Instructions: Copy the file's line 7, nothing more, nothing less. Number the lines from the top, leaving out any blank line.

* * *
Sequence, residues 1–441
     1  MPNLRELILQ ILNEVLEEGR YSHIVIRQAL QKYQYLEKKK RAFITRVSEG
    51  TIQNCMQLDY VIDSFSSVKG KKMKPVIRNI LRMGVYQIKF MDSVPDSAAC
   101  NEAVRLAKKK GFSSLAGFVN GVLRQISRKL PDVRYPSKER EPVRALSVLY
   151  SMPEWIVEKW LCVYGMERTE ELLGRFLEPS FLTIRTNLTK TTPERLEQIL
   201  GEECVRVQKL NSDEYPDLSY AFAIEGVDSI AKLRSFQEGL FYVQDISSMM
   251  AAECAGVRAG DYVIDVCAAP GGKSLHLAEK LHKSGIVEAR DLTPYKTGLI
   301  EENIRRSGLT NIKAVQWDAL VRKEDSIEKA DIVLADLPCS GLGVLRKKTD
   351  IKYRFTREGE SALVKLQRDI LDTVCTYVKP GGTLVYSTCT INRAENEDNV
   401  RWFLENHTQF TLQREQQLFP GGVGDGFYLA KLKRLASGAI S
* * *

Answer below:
   251  AAECAGVRAG DYVIDVCAAP GGKSLHLAEK LHKSGIVEAR DLTPYKTGLI